Others are not old but mentally ill. Just imagine what it means for them to be incarcerated, cocooned is too euphemistic, for four months, missing summer, missing stimulation, missing exercise, missing visitors? And perhaps most vitally missing therapy in many cases too.
Like the father of an autistic child who voiced his desperation to Newstalk’s Ciara Kelly (and was roundly berated for it), people are asking if we are sacrificing quality of life to an absurd and untenable point to keep a small cohort of vulnerable people alive? Ask the grandparents and great grandparents you meet this summer if they want to keep their grandchildren and great grandchildren out of school a moment longer in order to protect people like themselves and they will give you an unqualified ‘no’.
Of course it is not quite so simple. There is an almost wilful randomness about the way this virus strikes. Some young and otherwise healthy people, even small children and a small number of infants have died from covid 19. Yet, across all countries the median age of casualties is strikingly old, not just elderly, decidedly old. We didn’t know that when we locked down the world but now we do. Is it not possible for our advanced world to live with a new threat to life we cannot yet tame, try to manage it as best we can, and let life continue its wonted way? Do we actually have a choice anyway? A world without education and economic activity is fast becoming a greater threat at this point surely? Or is it? Do we have to release the brakes before we know just how awful this disease really is?
If we didn’t lock down as we did would we have reached the nightmare statistics that Leo Varadkar posited in that first address that so gripped the nation? Do the statistics from Sweden, worse but not that worse, encourage a loosening of restrictions? Maybe the more socially distanced Swedes in their sparsely populated country are not an appropriate model for us? Maybe we should take caution from a country like the Czech Republic that introduced mandatory face covering from the start of the pandemic with impressive results but now finds itself dealing with a second wave? We could look at Slovakia, a country our size and with our population, who lost only 28 of its citizens to the virus but at the cost of turning the country into a fortress with hermetically sealed borders and ruthlessly enforced lockdown?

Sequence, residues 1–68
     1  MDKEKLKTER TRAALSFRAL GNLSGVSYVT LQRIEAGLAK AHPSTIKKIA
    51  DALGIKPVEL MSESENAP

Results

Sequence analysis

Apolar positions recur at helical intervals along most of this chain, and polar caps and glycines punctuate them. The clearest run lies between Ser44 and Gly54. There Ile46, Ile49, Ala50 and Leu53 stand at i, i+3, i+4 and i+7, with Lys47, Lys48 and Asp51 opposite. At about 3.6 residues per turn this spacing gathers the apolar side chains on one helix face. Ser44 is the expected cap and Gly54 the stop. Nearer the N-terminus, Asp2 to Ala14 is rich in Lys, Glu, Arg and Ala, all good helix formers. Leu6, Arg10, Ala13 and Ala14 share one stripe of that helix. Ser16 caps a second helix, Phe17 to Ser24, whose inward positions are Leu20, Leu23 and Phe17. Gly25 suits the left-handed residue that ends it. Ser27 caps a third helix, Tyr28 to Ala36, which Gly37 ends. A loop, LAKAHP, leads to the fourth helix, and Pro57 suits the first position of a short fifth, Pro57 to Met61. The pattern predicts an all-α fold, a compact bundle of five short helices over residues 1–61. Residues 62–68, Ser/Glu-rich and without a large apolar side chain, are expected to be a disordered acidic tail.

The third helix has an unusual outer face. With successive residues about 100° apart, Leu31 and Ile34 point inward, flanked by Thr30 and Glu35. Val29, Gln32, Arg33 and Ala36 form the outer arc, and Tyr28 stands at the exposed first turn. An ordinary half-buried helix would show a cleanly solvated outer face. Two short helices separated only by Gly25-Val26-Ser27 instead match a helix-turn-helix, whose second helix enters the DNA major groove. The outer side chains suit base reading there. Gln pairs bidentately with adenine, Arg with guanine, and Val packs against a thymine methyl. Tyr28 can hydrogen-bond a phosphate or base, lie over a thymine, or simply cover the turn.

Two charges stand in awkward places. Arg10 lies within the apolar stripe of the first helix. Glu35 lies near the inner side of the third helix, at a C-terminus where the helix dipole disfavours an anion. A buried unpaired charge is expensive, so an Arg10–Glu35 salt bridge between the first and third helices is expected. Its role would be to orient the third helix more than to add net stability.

The fact is there are no clear templates. The only thing we can be sure of is that normal life carries risk. But realistically how much longer can we live with abnormal ‘new normal’ before the social fabric itself is endangered?
People have forgone so much that makes life good: celebrations for major life events, theatre, cinema, socialising, sport, travel. They have lost livelihoods or businesses or see them threatened. We are indeed in a storm. Steady and calm leadership is not enough. We need more of the plain common sense you can hear on every holiday village in Ireland as the country shares its experience and the wisdom it brings.
Maybe in this brave new, woke world of our time we have to learn that life like nature itself is not perfectible and there are some things we can’t fix?